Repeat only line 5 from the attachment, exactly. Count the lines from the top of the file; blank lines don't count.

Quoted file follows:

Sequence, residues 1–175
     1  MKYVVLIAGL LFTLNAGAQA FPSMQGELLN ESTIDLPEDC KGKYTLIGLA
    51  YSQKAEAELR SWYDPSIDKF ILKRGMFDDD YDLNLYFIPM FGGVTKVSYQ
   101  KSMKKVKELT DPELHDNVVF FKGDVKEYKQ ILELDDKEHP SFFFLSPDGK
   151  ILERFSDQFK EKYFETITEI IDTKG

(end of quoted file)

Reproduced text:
   151  ILERFSDQFK EKYFETITEI IDTKG